1. Try squinting. Closing your eyes slightly limits the amount of light they receive and reduces your perception of color, so contrast becomes more evident.
2. Use a reducing tool. Purchase a reducing lens or a door peephole. These tools reduce an image, making color less obvious and contrast more apparent when the fabrics are viewed. Taking pictures with your phone or looking through a camera also works in this regard.
3. Look through red cellophane. This technique conceals the color and allows you to see the continuum of values from light to dark.
4. Make black and white photocopies. Photocopying completely masks color and can give an indication of contrast between and within pieces of fabric.
In the February 2015 issue of American Patchwork & Quilting, designer Jean Wells teaches us how to expand our piecing horizons with a new technique — freehand curved piecing — and shows us how to play with color. The editors were so excited to learn this technique and create their own projects. See what they made below and share your own creations inspired by Piece & Play using the hashtag #apqlearnalong on Facebook and Instagam. And follow along with new projects and inspiration at www.allpeoplequilt.com/learnalong.
CORRECTION: If you order the Palette Box fabrics from The Stitchin’ Post as shown in the February issue of American Patchwork & Quilting, you will receive 1/4 yard (fat quarters) of the solids instead of 1/2 yard solids and 1 yard of the theme print for $65 plus shipping.
Elizabeth Tisinger Beese, editor of American Patchwork & Quilting
Elizabeth says: “I had so much fun making this pillow! I’m not an art quilter at all, so I was a little intimidated by the improvisational nature of this technique, but I ended up getting addicted to it! (I was only going to make a pincushion but got so wrapped up in this that I made the entire Four-Patch Pillow!). I chose my Palette Box by starting with some multicolor batiks that had an interesting mix of brown and pink combined with bits of coral, orange, and green.”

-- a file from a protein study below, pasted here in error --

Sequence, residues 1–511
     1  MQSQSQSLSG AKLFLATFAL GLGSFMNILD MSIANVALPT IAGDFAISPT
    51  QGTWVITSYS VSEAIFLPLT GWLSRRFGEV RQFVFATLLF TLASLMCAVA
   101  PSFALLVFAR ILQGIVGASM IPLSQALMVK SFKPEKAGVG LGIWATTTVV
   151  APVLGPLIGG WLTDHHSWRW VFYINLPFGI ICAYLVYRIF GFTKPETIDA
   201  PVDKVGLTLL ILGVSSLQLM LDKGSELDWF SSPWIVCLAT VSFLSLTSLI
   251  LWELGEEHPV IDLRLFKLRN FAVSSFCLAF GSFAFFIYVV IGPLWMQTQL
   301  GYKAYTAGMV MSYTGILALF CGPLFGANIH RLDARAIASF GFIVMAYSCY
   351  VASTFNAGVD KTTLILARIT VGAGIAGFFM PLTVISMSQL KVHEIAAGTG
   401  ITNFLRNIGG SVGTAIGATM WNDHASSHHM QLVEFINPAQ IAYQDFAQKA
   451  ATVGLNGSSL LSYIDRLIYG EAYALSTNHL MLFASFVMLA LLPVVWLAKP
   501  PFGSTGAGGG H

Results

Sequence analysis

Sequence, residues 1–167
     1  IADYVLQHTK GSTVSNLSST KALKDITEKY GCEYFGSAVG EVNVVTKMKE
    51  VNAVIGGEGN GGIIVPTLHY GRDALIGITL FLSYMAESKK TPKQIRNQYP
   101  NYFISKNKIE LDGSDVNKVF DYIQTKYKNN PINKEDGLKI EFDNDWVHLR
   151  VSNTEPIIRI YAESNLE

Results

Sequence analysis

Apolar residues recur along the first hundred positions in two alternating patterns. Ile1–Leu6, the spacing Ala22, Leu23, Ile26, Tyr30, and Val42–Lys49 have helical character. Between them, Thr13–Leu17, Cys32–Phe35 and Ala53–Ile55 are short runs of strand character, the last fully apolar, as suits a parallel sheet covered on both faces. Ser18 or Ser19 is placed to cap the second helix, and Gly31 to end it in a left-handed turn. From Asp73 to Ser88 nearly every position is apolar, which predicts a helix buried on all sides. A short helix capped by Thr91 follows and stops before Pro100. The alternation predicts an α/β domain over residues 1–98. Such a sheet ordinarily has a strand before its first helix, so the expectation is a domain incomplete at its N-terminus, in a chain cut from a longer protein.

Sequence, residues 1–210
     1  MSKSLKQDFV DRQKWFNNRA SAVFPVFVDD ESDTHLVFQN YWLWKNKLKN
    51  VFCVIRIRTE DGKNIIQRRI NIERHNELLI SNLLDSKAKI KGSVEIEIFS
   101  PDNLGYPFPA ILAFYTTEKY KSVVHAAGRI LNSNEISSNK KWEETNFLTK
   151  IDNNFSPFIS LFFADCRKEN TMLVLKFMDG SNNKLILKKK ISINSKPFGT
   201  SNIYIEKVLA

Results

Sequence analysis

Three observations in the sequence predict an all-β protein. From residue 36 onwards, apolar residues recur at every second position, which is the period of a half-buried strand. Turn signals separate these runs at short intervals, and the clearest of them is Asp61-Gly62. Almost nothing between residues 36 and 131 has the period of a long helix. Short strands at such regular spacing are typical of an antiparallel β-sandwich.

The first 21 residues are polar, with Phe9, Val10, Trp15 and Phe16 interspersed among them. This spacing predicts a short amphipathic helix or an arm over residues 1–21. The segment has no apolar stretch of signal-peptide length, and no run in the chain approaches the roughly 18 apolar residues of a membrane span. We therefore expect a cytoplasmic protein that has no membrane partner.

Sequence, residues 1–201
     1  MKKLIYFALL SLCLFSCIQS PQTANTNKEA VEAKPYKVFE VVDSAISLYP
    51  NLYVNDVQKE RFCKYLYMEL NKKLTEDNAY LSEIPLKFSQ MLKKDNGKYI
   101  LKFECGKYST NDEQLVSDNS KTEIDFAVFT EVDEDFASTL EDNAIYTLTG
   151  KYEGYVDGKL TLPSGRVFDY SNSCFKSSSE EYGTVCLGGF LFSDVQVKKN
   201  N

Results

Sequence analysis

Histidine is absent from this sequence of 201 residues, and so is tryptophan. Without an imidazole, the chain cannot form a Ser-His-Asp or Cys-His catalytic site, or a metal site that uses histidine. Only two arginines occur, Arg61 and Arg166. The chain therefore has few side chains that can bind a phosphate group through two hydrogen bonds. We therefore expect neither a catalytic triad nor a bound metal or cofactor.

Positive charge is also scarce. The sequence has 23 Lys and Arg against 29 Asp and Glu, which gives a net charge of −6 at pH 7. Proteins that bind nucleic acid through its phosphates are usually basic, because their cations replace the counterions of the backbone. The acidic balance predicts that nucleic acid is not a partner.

Jill Mead, editor
Jill says: “I find color and fabric inspiration in collections. I love the colors in this collection of Aurifil embroidery floss from a stitch kit from Moda Fabrics. It makes me think of spring. Using the threads as a visual guide, I select matching solids from my stash. Then I fill out the basic collection with lighter and darker, more saturated/less saturated solids.
Lindsay Fullington, assistant multimedia editor
Lindsay says: “I started with a fat quarter bundle of the Hadley collection from Dear Stella. I chose one colorful print and pulled in tone-on-tone teal, purple, orange, pink, and brown to pull out colors from the main print. The darker teals play nice with the lighter pinks. The brown tones the bright prints down and offers an unexpected color to the palette. I loved playing with color placement and the freeform cutting technique. It felt so creative to cut without a ruler and use colors outside my normal palette! It was a very forgiving project and I felt like I could experiment without fear of failure!”